2. “Explore frameworks for how the FTC might approach quantitatively measuring such injuries and estimate the risk of their occurrence;” and
  3. “Better understand how consumers and businesses weigh these injuries and risks when evaluating the tradeoffs to sharing, collecting, storing and using information.”
FTC Acting Chairwoman Maureen Ohlhausen announced the workshop during her speech [PDF] to the Federal Communications Bar Association, titled “Painting the Privacy Landscape: Informational Injury in FTC Privacy and Data Security Cases.” The speech focused on the five different types of consumer informational injury alleged in the FTC’s body of privacy and data security case law: (1) deception injury or subverting consumer choice; (2) financial injury; (3) health or safety injury; (4) unwarranted intrusion injury and (5) reputational injury.
Acting Chairwoman Ohlhausen noted that the FTC initiates many of its cases under the agency’s deception authority, stating that “from an injury standpoint, a company’s false promise to provide certain privacy or data security protections harms consumers like any false material promise about a product.” The Acting Chairwoman further highlighted that the most commonly alleged injuries in the FTC’s body of privacy and data security case law are financial injury and health and safety injury. She also emphasized that the type of injury is not dispositive in the FTC’s decision of whether to bring a privacy or data security case. The FTC also evaluates the strength of the evidence linked to the consumer injury, the magnitude of the injury (both to individuals and groups of consumers), and the likelihood of future consumer injury. In closing her speech, Acting Chairwoman Ohlhausen rhetorically raised three questions: (1) whether the list of consumer informational injuries is representative, (2) whether these or other informational injuries require government intervention, and (3) how the list maps to the FTC’s statutory deception and unfairness standards. Acting Chairwoman Ohlhausen plans to address these issues in depth at the December 12 workshop.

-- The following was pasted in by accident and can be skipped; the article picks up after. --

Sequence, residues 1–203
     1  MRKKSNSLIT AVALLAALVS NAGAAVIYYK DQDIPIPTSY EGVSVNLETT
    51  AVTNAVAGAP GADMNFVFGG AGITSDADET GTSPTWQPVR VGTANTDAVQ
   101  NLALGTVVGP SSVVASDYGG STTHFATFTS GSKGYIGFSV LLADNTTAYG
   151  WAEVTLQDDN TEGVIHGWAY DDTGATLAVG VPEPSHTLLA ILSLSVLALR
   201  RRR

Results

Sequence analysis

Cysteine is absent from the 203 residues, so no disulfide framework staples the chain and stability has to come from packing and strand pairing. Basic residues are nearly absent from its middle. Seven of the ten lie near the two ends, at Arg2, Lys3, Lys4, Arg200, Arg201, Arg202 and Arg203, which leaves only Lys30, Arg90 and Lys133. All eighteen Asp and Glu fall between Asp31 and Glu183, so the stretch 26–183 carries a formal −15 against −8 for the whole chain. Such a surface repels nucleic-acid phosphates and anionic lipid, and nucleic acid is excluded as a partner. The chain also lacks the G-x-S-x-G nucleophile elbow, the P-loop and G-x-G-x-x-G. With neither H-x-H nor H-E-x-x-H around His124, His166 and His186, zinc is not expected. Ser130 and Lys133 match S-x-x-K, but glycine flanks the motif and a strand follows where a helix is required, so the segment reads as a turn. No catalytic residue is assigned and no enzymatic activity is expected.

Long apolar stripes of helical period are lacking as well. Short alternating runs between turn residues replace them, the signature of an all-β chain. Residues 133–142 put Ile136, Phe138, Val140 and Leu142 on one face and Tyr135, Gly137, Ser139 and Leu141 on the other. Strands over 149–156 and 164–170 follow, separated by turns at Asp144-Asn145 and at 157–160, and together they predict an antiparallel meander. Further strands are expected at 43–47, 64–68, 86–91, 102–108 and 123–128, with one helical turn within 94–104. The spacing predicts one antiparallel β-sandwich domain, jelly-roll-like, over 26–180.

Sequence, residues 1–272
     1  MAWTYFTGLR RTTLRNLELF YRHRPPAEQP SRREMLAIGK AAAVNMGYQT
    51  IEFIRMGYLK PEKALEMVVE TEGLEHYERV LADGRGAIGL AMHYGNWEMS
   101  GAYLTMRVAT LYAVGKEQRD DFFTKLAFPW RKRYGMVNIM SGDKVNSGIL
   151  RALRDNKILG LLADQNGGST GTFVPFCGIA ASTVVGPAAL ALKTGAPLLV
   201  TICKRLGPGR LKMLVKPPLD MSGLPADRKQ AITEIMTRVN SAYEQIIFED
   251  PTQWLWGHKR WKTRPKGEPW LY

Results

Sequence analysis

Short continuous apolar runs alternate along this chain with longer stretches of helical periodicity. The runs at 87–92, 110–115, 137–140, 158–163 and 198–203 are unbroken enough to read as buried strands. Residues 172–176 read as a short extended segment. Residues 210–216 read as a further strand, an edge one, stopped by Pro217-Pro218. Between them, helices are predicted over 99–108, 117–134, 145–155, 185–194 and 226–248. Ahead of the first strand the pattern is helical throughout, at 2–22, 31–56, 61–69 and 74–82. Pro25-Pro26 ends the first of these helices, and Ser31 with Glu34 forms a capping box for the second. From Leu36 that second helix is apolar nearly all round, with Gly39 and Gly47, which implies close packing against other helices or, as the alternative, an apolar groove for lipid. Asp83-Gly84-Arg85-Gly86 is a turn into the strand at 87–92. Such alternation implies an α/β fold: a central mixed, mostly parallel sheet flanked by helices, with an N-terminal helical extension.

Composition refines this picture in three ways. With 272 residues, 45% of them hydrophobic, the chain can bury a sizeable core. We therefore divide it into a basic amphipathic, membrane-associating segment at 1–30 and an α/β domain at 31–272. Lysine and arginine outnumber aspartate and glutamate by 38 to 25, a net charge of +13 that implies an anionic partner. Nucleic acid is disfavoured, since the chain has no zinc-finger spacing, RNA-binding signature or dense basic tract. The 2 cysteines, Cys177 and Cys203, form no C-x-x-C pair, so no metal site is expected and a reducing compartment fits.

Too late for summer reading?
Life 3.0’ gives you a user’s guide for superintelligent AI systems to come
Do we need to be concerned about the rapid rise of artificial intelligence? Some people say there’s nothing to worry about, while others warn that a Terminator-level nightmare is dead ahead.
MIT physicist Max Tegmark says both sides of that argument are exaggerations.
In his newly published book, “Life 3.0: Being Human in the Age of Artificial Intelligence,” Tegmark lays out a case for what he calls “mindful optimism” about beneficial AI — artificial intelligence that will make life dramatically better for humans rather than going off in unintended directions.
Tegmark, who’s also the co-founder and president of the Future of Life Institute, says AI won’t be beneficial unless it incorporates safety measures yet to be developed.